Sunday, May 20, 2018

Maersk doubles up

As reported last weekend there was no ship arrival on the Maersk - CMA CGM transatlantic service. This weekend there were two ships, and they were not in the regular order. Maersk Patras, delayed somewhere en route, arrived in Montreal last weekend after the next ship in rotation, Maersk Penanag had arrived.

Therefore the first caller here this weekend was Maersk Penang which arrived and sailed on Saturday - its regular day.

Maersk Penang sailing on schedule yesterday.

Today it was the turn of the tardy Maersk Patras.With so much time lost, it will be impossible to make up so the "double header" will apparently continue until the ships rotate out for drydocking. Another ship will be added to the rotation starting next month to ensure that there is no skipped week. Reliability of schedules is one of the hall marks of container shipping, but punctuality has taken a beating of late on many routes - particularly where giant ships are replacing several smaller ones. All it takes is one of those giants to be held up and the impact is serious. Even on the east coast North America trade on-time reliability was just 66.3% in 2017 according to recent statistics. Maersk beat the average with 70.5%. Transatlantic services were only in the 67% (westbound)  to 70% (eastbound) reliability range in 2017. These numbers show about a 10% drop in on-time performance from 2016.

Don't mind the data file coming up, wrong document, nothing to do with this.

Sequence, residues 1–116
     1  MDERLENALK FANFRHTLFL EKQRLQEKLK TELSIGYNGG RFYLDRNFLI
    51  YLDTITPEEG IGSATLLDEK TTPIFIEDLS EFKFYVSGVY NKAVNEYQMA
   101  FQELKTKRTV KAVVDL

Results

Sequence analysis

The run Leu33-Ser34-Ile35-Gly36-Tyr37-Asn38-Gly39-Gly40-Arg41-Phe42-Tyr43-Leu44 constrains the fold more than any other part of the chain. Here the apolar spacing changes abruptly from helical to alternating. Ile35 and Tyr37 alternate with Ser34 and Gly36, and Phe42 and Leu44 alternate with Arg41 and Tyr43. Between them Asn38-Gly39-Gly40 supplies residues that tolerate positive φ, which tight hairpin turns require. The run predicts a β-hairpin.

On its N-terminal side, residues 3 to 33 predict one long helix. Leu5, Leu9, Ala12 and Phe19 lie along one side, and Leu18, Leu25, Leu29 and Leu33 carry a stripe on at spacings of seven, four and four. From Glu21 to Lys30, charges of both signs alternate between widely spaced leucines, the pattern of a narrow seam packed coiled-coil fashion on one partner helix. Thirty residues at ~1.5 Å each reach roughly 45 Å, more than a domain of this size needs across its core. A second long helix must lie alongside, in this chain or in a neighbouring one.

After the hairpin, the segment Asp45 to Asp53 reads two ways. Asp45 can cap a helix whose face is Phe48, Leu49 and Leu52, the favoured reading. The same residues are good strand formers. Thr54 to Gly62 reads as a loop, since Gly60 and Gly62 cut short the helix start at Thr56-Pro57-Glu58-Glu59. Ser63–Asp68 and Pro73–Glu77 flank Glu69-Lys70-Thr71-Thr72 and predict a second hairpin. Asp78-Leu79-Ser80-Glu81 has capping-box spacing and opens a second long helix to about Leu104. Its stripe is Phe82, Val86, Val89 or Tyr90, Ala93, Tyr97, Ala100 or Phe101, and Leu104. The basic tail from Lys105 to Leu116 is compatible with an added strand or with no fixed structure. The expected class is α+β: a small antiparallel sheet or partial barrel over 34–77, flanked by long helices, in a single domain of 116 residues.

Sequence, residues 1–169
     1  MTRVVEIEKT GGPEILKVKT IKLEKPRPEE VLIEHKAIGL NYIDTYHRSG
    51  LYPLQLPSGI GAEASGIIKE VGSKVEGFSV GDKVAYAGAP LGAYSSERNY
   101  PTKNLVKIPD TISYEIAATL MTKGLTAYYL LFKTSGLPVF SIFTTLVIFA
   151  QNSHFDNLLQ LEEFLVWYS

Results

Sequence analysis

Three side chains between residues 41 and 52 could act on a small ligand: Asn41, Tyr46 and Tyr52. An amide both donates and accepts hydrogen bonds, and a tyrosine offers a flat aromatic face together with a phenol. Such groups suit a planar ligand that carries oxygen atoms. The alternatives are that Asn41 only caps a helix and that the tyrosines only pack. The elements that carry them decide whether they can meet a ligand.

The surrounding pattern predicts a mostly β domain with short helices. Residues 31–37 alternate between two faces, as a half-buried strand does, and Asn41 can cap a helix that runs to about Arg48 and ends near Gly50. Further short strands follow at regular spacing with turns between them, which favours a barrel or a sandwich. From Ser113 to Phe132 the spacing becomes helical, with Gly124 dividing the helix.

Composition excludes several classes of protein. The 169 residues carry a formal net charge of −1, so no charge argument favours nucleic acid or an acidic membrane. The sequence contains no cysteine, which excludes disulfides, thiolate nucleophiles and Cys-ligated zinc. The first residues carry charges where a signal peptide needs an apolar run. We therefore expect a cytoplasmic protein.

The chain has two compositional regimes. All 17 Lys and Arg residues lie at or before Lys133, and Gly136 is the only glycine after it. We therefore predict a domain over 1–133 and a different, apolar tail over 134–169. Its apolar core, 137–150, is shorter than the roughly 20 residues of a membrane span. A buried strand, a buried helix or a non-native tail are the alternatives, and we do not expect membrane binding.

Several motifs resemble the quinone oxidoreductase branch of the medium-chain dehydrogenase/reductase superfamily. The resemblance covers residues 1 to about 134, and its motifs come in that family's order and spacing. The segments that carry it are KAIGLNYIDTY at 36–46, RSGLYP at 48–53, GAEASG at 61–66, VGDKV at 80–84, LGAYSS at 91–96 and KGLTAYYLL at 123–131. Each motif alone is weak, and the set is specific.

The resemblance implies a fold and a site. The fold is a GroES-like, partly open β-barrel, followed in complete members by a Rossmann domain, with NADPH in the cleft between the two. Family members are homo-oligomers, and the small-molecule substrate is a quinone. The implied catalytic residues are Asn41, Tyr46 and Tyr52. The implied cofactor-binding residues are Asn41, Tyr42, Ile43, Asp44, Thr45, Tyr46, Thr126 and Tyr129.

Saturday, May 19, 2018

Ultra Angel gets a trim

The bulk carrier Ultra Angel arrived last evening and anchored in the lower harbour. Today is appeared that the ship was not in port for the usual reason of bunkers or Asian Gypsy Moth inspection, but instead for some underwater work, possibly hull cleaning. 

 The hatches are cracked open to allow for some hold cleaning and ventilation and there is a diving tender alongside.

The ship is relatively new, delivered less than a year ago by Shin Kurushima, Toyohashi to Eternity Maritime SA (Fukunaga KKK managers). Classed as a Supramax bulk carrier, it has a grt of 35,025 and a dwt of 61,298. It carries four cranes and clamshell buckets for cargo handling.

The ship works in the Danish Ultrabulk fleet, part of the Ultra Group which controls the operation of more than 150 ships, mostly bulk carriers, but also small tankers.

With the duty pilot boat already out at the pilot station Dominion Diving's Halmar delivers the pilot to the ship. The pilot is just making the move from the pilot ladder to the accommodation ladder as a crew member on deck awaits developments.

The ship was well out of the water and it was a long climb for the pilot as he boarded for a 5 pm sailing. Next port is given as Saint John, NB, which would mean a cargo of potash. Potash must be one of Ultrabulk's favoured cargoes as two of their ships carry the improbable names of Ultra Saskatchewan and Ultra Saskatoon.

The ship's last port is not confirmed, because various sources give differing information, but it might have been Conakry, Guinea.

Friday, May 18, 2018

Busy Friday

A number of ship movement are taking place Friday afternoon, and several at the same time, so only some will receive notice here. Some moves may have been due to the upcoming holiday Monday.